i never knew either father or mother, sothat the dear old man's death is a real blow to me.jonathan is greatly distressed. it is not only that he feels sorrow, deepsorrow, for the dear, good man who has befriended him all his life, and now at theend has treated him like his own son and left him a fortune which to people of our modest bringing up is wealth beyond thedream of avarice, but jonathan feels it on another account.he says the amount of responsibility which it puts upon him makes him nervous. he begins to doubt himself.i try to cheer him up, and my belief in him
helps him to have a belief in himself.but it is here that the grave shock that he experienced tells upon him the most. oh, it is too hard that a sweet, simple,noble, strong nature such as his, a nature which enabled him by our dear, goodfriend's aid to rise from clerk to master in a few years, should be so injured thatthe very essence of its strength is gone. forgive me, dear, if i worry you with mytroubles in the midst of your own happiness, but lucy dear, i must tellsomeone, for the strain of keeping up a brave and cheerful appearance to jonathan tries me, and i have no one here that i canconfide in.
i dread coming up to london, as we must dothat day after tomorrow, for poor mr. hawkins left in his will that he was to beburied in the grave with his father. as there are no relations at all, jonathanwill have to be chief mourner. i shall try to run over to see you,dearest, if only for a few minutes. forgive me for troubling you. with all blessings,"your loving "mina harker" dr. seward's diary20 september.--only resolution and habit can let me make an entry tonight.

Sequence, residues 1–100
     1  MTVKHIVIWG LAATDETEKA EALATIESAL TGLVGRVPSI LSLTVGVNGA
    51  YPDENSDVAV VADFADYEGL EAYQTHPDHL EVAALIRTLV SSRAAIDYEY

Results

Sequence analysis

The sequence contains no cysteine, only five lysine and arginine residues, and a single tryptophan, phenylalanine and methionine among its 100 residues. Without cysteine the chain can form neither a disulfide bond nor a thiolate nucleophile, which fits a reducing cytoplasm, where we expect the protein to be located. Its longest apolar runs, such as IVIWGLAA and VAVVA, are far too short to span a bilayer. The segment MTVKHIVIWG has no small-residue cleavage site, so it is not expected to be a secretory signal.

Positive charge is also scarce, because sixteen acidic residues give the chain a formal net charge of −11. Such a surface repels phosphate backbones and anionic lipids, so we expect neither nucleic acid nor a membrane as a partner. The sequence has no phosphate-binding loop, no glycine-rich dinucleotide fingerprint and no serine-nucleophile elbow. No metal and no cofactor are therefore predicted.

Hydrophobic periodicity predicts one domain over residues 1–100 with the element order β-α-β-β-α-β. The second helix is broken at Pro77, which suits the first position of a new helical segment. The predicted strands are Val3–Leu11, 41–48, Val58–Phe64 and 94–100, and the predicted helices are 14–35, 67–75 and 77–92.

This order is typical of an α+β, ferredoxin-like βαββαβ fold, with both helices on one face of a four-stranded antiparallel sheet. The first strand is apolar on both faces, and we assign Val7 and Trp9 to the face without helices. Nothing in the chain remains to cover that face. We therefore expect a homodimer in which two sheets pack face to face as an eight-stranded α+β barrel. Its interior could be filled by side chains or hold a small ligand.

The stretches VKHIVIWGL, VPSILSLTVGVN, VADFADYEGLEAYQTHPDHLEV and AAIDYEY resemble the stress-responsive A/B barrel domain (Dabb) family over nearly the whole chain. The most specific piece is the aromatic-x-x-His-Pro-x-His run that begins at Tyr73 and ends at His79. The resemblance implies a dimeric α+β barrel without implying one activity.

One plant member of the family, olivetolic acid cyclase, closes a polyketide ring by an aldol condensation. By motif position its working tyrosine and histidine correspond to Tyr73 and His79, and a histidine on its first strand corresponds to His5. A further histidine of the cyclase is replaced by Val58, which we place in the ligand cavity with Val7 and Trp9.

i am too miserable, too low spirited, toosick of the world and all in it, including life itself, that i would not care if iheard this moment the flapping of the wings of the angel of death. and he has been flapping those grim wingsto some purpose of late, lucy's mother and arthur's father, and now...let me get on with my work. i duly relieved van helsing in his watchover lucy. we wanted arthur to go to rest also, but herefused at first. it was only when i told him that we shouldwant him to help us during the day, and that we must not all break down for want ofrest, lest lucy should suffer, that he
agreed to go. van helsing was very kind to him."come, my child," he said. "come with me. you are sick and weak, and have had muchsorrow and much mental pain, as well as that tax on your strength that we know of.you must not be alone, for to be alone is to be full of fears and alarms. come to the drawing room, where there is abig fire, and there are two sofas. you shall lie on one, and i on the other,and our sympathy will be comfort to each other, even though we do not speak, andeven if we sleep."
arthur went off with him, casting back alonging look on lucy's face, which lay in her pillow, almost whiter than the lawn. she lay quite still, and i looked aroundthe room to see that all was as it should be. i could see that the professor had carriedout in this room, as in the other, his purpose of using the garlic. the whole of the window sashes reeked withit, and round lucy's neck, over the silk handkerchief which van helsing made herkeep on, was a rough chaplet of the same odorous flowers.
lucy was breathing somewhat stertorously,and her face was at its worst, for the open mouth showed the pale gums. her teeth, in the dim, uncertain light,seemed longer and sharper than they had been in the morning. in particular, by some trick of the light,the canine teeth looked longer and sharper than the rest.i sat down beside her, and presently she moved uneasily. at the same moment there came a sort ofdull flapping or buffeting at the window. i went over to it softly, and peeped out bythe corner of the blind.
there was a full moonlight, and i could seethat the noise was made by a great bat, which wheeled around, doubtless attractedby the light, although so dim, and every now and again struck the window with itswings. when i came back to my seat, i found thatlucy had moved slightly, and had torn away the garlic flowers from her throat. i replaced them as well as i could, and satwatching her. presently she woke, and i gave her food, asvan helsing had prescribed. she took but a little, and that languidly. there did not seem to be with her now theunconscious struggle for life and strength